Office of Government Ethics wants to know about any ethics waivers for Trump appointees

PHOTO: U.S. President Donald Trump makes remarks at a reception for U.S. Senators and their spouses in the East Room of the White House, on March 28, 2017, in Washington.PlayRon Sachs/Pool/Getty Images
WATCH Kellyanne Conway Accused of Violating Ethics Rules by Urging Shoppers to 'Go Buy Ivanka's Stuff'

The Office of Government Ethics has sent a letter to the White House and all executive branch agency heads asking for copies of any waivers that the Trump administration may have granted to appointees exempting them from ethics rules.

Interested in Trump Administration?

Add Trump Administration as an interest to stay up to date on the latest Trump Administration news, video, and analysis from ABC News.
Add Interest

The letter requests any waivers granted by the White House to appointees be provided to the government ethics office, an independent government agency, by June 1.

The administration has the authority to grant ethics waivers to appointees.

The Office of Government Ethics director, Walter Shaub, said in an interview that the Obama administration similarly granted waivers. But he said the prior administration's waivers were given "under a narrow set of circumstances" and were posted publicly on the Office of Government Ethics' website.

The ethics office is an independent watchdog overseeing compliance of ethics rules inside the executive branch, and early on was a thorn in the side of the White House after raising alarm over President Trump's refusal to divest from his business empire.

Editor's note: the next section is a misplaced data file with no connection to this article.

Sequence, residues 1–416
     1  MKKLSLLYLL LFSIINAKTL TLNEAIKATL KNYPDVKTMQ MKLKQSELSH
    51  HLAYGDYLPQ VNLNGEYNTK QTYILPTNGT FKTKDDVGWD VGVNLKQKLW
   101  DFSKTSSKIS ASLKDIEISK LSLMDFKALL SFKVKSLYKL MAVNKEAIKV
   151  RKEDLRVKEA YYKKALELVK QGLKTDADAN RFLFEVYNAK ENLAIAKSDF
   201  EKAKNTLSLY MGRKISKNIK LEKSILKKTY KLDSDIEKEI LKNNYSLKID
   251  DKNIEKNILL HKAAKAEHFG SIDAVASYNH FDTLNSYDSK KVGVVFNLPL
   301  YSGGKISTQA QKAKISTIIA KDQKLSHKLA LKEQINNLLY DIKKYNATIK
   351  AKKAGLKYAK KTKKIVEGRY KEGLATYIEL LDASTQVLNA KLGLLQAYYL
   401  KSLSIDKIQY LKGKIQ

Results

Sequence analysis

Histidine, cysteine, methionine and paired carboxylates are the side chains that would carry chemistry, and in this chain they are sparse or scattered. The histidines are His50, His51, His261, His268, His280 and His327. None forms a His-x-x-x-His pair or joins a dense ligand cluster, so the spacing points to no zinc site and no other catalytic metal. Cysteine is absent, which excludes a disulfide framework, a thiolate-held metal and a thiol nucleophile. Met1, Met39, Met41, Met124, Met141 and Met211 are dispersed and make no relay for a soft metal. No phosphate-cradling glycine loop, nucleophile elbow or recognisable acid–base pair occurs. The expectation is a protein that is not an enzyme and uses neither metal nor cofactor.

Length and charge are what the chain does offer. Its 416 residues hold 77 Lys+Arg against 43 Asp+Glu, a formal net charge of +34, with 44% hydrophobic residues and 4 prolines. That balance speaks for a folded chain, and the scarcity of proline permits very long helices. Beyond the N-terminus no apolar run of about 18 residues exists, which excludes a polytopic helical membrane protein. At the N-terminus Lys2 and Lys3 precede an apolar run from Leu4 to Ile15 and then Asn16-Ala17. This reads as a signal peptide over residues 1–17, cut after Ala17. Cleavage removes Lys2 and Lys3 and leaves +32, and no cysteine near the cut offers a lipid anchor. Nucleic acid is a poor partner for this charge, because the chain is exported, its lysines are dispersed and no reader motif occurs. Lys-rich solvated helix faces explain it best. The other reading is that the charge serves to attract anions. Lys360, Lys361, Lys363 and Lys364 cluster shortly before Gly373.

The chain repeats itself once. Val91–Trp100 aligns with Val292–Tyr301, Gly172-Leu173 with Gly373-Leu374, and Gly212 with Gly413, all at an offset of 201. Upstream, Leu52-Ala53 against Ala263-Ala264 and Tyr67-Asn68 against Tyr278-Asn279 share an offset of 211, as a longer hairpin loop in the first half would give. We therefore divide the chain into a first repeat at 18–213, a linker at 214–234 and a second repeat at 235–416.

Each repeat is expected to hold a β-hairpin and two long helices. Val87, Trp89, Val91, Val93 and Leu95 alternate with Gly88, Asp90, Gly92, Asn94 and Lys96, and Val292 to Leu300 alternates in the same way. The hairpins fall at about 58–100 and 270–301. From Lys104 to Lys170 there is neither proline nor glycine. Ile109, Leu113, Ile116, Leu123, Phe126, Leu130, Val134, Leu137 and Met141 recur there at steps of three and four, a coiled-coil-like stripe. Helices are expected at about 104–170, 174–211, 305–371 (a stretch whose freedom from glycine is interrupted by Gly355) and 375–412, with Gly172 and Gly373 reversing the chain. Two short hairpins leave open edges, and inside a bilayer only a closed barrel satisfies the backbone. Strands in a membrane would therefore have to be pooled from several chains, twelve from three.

Since then, the OGE has been tasked with assisting the Trump Administration's officials address any potential conflicts of interest so they're able to serve in positions without creating the appearance of using public office for private gain.

But the New York Times reported in mid-April that in at least two instances, the Trump administration "secretly issued" waivers exempting officials from ethics rules. One case, as the New York Times reported, involved Trump's top energy adviser Michael Catanzaro, who worked as a lobbyist on behalf of oil and gas companies until late last year before taking his current post where he advises on issues that would have a direct implication on his former clients.

The White House did not immediately respond to ABC News' request for comment.